But governments MUST start dealing with our plastics crisis because plastic is a major contributor to our climate crisis. With demand for fossil fuels falling as renewables become more affordable and electric cars become more widely available and the world wakes up to the reality of the climate crisis and starts to limit the burning of gas, oil and coal, the petrochemical industry sees plastics as their plan B. They plan to ramp plastic production up dramatically over the next 30 years. And that's a terrifying prospect, not only because of the impact on our oceans, our health, our air, and our plants and wildlife, but also because plastics are a major greenhouse gas emitter at every stage of their lifecycle. Did you know that if plastic was a country, it would be the world's fifth largest greenhouse gas emitter?! Plastic's carbon emissions are bigger than those of Africa and of the entire aviation industry. It's kind of like the emperor's new clothes - virtually no one is talking about plastics and climate but we have to start talking about it and acting to reduce it. And we need to do it quickly or it's going to be game over on climate. We can't stay within the 1.5-degree C temperature rise without dramatically reducing plastics production.
Why are the technology of plastic recycling and the production of alternative products not as advanced as the technology of plastic production?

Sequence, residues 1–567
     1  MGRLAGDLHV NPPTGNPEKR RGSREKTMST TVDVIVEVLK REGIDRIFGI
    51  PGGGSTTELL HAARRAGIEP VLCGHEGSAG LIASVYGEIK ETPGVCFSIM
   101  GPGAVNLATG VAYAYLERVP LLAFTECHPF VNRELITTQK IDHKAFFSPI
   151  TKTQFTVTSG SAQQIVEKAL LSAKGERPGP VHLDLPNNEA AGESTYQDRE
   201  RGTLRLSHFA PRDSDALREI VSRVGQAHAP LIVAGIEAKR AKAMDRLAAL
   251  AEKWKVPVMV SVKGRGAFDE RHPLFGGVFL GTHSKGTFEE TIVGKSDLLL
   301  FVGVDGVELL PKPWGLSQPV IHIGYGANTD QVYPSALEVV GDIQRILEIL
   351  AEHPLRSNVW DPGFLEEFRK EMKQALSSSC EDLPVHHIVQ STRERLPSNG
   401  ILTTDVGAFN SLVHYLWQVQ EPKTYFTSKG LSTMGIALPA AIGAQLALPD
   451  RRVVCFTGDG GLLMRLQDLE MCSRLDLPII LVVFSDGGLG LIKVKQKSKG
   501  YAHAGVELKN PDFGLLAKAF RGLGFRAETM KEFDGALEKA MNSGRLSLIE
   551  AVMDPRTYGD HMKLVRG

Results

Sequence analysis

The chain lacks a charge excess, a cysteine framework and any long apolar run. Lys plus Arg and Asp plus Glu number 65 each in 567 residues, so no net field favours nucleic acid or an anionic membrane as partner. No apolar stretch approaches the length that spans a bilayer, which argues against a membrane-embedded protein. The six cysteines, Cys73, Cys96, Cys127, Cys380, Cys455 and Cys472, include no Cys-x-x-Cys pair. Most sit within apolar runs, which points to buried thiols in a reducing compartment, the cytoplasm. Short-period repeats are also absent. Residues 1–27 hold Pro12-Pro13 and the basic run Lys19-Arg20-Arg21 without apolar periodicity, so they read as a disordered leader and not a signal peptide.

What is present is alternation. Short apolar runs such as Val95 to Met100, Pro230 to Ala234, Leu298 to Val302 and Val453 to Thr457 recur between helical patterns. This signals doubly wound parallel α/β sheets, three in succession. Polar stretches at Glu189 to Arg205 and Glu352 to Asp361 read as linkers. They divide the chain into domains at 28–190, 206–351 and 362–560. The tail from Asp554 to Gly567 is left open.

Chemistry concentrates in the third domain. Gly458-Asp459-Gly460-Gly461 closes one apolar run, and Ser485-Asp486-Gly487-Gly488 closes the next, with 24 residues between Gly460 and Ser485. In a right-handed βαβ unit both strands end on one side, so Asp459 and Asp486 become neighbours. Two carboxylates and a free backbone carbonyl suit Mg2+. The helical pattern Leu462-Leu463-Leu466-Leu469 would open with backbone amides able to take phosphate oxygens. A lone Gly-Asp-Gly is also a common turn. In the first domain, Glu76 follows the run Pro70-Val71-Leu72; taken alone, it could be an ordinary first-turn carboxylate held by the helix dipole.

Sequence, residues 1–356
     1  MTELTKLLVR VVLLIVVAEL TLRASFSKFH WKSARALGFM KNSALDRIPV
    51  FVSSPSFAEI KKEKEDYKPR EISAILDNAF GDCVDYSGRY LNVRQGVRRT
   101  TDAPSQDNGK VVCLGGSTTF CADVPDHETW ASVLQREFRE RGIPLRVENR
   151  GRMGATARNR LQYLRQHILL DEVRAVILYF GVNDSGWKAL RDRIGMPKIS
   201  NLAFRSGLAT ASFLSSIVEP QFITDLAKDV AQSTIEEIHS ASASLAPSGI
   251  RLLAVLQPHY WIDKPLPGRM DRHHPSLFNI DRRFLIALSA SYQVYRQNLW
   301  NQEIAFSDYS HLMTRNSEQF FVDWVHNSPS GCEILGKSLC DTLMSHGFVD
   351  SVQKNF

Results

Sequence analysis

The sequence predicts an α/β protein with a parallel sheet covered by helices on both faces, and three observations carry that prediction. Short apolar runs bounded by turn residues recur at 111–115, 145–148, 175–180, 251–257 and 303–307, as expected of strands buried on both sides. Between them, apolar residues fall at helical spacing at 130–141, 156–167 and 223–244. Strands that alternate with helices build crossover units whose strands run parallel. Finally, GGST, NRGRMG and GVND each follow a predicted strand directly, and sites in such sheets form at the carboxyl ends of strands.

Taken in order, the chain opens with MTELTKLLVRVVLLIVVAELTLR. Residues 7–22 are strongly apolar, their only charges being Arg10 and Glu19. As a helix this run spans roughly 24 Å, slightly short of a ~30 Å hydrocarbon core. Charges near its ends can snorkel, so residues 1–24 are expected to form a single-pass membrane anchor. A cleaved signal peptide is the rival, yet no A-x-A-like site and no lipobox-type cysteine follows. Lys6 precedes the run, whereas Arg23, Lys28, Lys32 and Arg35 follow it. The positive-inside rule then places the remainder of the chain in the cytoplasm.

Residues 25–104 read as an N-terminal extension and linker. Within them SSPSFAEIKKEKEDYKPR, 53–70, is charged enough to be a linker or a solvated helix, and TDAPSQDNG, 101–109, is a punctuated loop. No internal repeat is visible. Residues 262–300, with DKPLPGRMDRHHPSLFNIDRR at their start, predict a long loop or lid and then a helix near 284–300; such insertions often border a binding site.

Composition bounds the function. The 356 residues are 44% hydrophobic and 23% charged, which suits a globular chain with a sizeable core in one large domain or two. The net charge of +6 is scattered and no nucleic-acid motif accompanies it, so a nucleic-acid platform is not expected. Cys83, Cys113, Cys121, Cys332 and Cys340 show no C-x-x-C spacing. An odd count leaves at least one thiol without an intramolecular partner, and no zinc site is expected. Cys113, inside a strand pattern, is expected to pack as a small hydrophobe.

I'd say that comes down to economics - simply put, there's not a lot of money in plastics recycling because virgin plastic is so darn cheap. It's far less expensive to use new plastic - companies actually pay a premium to use recycled plastics - so most of them just don't do it which means there's almost no market for recycled plastics. There's been no economic incentive to invest in reusable and in recycled plastics thus far. And we have to change that. And it's going to take new laws and regulations to shift the economics of these decisions. I'm not sure if you're familiar with the concept known as "Extended Producer Responsibility" (aka EPR for short) but it's a system in which the companies producing materials and products are held responsible for their disposal instead of our current system in which consumers’/tax payers and municipalities are on the hook for dealing with products at the end of their life. It's a very important concept that's gained popularity in Europe and Canada and is just beginning to make some waves here in the U.S. It's an area that Beyond Plastics is focusing on right now as it's critical to do it properly and get the details right. More to come on that.
What are environmental groups like Tired Earth and campaigns like #plasticfreesummer role in increasing public awareness to deal with plastic pollution?
Raising awareness and educating people is so important. Groups like yours play a critical role in bringing people into the movement to break free from plastic. I often hear flak from people who say things like "banning plastic bags or straws is a waste of time - just a drop in the bucket," but I completely disagree with that. Not only are these needless single-use plastic products a fairly large source of plastic pollution that we can easily do without, they're also an entry point into people's everyday lives and legislative agendas that can serve as a gateway to larger, deeper changes like Extended Producer Responsibility, reusable goods and systems and more. So please keep it up!